It has frequently been noted that sea-floor multiple reflection seems to be a problem largely in the polar latitudes only--rarely in equatorial regions. This observation might be dismissed as being based on the statistics of small numbers, but two reasons can be given why the observation may be true. Each of these is of interest whether or not the statistics are adequate.
It happens that natural gas is soluble in water and raises the temperature of freezing, particularly at high pressure. Ice formed when natural gas is present is called gas hydrate. Thus there can be, under the liquid ocean, trapped in the sediments, solid gas hydrate. The gas hydrate stiffens the sediment and enhances multiple reflections.
A second reason for high multiple reflections at polar latitudes has to do with glacial erosion. Ordinarily ocean bottoms are places of slow deposition of fine-grained material. Such freshly deposited rocks are soft and generate weak multiple reflections. But in polar latitudes the scouring action of glaciers removes sediment. Where erosion is taking place the freshly exposed rock is stronger and stiffer than newly forming sediments. Thus, stronger sea-floor reflections.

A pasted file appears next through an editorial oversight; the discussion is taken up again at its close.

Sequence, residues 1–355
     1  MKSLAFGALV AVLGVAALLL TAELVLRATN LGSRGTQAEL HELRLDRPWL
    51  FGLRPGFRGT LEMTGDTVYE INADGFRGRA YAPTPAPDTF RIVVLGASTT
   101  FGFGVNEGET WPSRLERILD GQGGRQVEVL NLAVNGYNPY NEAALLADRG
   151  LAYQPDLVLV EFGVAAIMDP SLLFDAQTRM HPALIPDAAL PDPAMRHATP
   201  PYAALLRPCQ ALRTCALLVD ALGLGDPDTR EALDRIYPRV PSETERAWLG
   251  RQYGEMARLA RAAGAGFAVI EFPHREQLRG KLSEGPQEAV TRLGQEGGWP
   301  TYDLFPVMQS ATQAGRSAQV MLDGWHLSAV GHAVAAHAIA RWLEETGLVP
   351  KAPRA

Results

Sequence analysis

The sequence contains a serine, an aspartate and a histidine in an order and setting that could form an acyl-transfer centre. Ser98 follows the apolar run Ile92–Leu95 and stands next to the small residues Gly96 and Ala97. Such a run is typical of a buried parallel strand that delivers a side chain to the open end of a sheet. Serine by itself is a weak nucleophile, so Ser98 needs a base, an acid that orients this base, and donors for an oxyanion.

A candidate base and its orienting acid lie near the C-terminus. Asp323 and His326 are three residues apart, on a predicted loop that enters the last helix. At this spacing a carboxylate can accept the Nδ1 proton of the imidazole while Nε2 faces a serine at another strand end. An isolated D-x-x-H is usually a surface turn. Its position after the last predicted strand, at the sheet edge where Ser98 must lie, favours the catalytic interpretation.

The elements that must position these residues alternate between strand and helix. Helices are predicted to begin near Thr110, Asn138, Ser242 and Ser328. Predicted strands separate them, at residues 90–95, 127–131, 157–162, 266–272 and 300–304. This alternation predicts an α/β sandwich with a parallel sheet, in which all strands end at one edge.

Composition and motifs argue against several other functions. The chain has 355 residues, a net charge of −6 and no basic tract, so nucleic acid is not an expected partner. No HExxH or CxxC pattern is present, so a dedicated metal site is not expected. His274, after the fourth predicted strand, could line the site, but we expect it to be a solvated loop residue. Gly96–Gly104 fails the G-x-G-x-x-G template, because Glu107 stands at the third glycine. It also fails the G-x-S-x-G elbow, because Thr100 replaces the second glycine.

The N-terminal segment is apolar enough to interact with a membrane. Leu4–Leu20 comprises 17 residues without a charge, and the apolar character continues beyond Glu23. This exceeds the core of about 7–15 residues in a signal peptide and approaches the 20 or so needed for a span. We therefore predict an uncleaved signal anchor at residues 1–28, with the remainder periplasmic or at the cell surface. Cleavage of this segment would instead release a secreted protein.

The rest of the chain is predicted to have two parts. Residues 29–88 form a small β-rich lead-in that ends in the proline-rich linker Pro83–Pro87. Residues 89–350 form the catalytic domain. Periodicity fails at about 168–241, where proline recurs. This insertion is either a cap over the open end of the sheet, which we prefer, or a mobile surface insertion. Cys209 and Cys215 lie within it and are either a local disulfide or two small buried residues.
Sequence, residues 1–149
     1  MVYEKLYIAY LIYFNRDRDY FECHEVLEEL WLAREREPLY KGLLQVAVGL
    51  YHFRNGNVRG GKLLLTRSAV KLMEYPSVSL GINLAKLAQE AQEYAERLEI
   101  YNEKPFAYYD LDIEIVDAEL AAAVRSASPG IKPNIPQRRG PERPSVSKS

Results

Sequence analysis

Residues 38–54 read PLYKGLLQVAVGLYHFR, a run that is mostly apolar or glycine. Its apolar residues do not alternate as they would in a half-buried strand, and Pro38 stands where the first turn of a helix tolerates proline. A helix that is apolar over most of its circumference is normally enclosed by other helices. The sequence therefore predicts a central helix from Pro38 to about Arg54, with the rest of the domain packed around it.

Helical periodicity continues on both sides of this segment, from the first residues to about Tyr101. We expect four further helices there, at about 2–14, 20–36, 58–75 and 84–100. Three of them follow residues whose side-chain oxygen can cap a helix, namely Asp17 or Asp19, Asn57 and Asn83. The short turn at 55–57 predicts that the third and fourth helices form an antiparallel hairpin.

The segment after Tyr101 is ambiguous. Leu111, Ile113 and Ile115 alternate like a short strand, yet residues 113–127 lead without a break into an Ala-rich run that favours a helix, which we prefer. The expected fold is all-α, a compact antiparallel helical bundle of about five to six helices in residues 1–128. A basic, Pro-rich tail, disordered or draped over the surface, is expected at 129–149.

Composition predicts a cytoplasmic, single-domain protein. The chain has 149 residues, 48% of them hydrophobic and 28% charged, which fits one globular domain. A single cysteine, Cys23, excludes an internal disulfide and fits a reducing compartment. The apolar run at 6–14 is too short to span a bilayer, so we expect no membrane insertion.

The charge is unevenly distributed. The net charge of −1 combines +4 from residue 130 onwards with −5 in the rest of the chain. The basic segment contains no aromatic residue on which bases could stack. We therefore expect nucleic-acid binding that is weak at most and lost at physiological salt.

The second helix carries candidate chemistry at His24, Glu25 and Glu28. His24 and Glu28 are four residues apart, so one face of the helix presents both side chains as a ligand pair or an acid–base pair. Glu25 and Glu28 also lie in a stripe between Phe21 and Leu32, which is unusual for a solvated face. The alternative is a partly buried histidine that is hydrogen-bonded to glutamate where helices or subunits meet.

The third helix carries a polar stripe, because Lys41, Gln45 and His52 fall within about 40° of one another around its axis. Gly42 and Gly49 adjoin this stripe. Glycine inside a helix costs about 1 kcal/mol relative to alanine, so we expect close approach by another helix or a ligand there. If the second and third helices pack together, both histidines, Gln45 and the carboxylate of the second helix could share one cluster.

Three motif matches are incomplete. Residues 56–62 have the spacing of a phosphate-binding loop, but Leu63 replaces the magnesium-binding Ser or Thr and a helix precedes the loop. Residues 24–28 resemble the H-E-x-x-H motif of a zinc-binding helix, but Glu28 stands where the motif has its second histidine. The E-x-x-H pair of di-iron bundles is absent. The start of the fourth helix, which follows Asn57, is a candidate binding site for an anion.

Continents erode and deposit at all latitudes. However, one might speculate that on balance, continental shelves are created by deposition in low and middle latitudes, and then drift to high latitudes where they erode. While highly speculative, this theory does provide an explanation for the association of multiple reflections with polar latitudes.